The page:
BLOOMINGTON, Ind. — That one was tough to watch.
Yes, the Indiana Hoosiers (2-2, 0-1 B1G) defeated the Akron Zips (1-3, 0-0 MAC) on Saturday night, 29-27 in 4OT. Tayven Jackson found Dequece Carter in the end zone for the game-winning two-point conversion, and Phillip Dunnam ensured Akron didn’t tie the game in the final OT. However, with IU coming into this game as a 17-point favorite, the team ignited more concerns with a sloppy 4.5-hour long performance in the non-conference finale.
The visiting Zips, who entered ranked 130th out of 133 FBS teams per ESPN’s SP+ rankings, out-gained the Hoosiers 474-282, converted 24 first downs to IU’s 14, and held the football for nearly nine more minutes of possession. Indiana benefited from some timely takeaways, including a Louis Moore interception for a touchdown, and limited their penalty total on the field, committing five to Akron’s 10.
The game began with Walt Bell calling consecutive inside runs with Jaylin Lucas netting four yards, and Jackson taking a 3rd down sack. That set the tone for the remainder of the game on that side of the ball.
The Hoosiers’ first three drives resulted in two punts and a turnover on downs. While the offense sputtered, the defense continued in its strong play from the second half of the Louisville game. IU finally strung together its first scoring drive early in the second quarter.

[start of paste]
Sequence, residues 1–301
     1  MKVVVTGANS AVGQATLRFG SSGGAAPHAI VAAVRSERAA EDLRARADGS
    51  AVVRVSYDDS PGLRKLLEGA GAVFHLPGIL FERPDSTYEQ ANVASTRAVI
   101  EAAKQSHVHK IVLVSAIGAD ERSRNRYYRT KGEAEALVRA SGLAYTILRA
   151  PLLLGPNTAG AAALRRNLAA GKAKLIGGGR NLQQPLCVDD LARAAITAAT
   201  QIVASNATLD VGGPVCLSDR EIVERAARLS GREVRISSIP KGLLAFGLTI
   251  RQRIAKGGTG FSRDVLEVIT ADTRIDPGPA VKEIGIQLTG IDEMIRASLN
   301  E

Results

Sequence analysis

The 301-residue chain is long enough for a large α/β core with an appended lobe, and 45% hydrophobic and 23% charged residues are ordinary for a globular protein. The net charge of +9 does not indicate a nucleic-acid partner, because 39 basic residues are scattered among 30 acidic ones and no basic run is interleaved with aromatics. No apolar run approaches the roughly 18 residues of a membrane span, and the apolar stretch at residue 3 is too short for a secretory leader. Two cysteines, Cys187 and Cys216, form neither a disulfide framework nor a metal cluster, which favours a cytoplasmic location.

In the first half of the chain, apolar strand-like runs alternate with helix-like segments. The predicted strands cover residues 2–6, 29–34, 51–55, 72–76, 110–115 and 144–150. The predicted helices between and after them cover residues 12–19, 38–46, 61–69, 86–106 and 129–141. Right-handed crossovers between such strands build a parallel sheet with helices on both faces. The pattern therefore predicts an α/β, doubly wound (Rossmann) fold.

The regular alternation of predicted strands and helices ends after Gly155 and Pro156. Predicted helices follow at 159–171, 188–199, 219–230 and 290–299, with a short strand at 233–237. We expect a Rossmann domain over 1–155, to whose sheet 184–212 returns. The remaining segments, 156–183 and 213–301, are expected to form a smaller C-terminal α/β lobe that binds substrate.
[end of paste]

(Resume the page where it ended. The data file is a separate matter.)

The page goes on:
Cam Camper continued his dominance of Akron’s defense, catching a second long pass from Jackson, which put IU in scoring position. Wake transfer Christian Turner, who came into the game with a larger role than anticipated with Josh Henderson’s absence, found space off left tackle to find the end zone.
Indiana’s first extended stretch of frustrating play began after Moore’s first interception, which he returned to Akron 4. What should have taken a play or two to extend IU’s lead to 14 instead resulted in four ugly, slow-developing efforts, all stopped by the Zips defense. The last two plays involved Donaven McCulley coming into the game as the Wildcat QB and running, with both tries denied.
On Akron’s first play from their own 1, Akron WR Alex Adams slipped behind IU’s secondary and simply dropped a pass from QB DJ Irons that would’ve resulted in a 99-yard touchdown.
After Akron punted, Jackson stared a linebacker down and saw his pass picked off by LB Andrew Behm. Behm returned the ball to the IU 24, Akron ended up kicking a field goal, and the Zips drew within 7-3 with 1:53 left until halftime.
Instead of an emphatic response via a two-minute drill before halftime, Jackson threw three straight incompletions, including a second-down throwaway that was whistled for intentional grounding. IU punted, Akron kneeled, and the teams headed to halftime with Hoosier Nation disgruntled.
After halftime, the Zips were clearly the better team. Irons completed three straight passes to start the drive, then in the red zone, he used his legs to give Akron the lead. He had 54 rushing yards in the first half alone, yet Tom Allen, Chad Wilt, and Matt Guerrieri could not find the necessary adjustments to slow down that part of Irons’ game.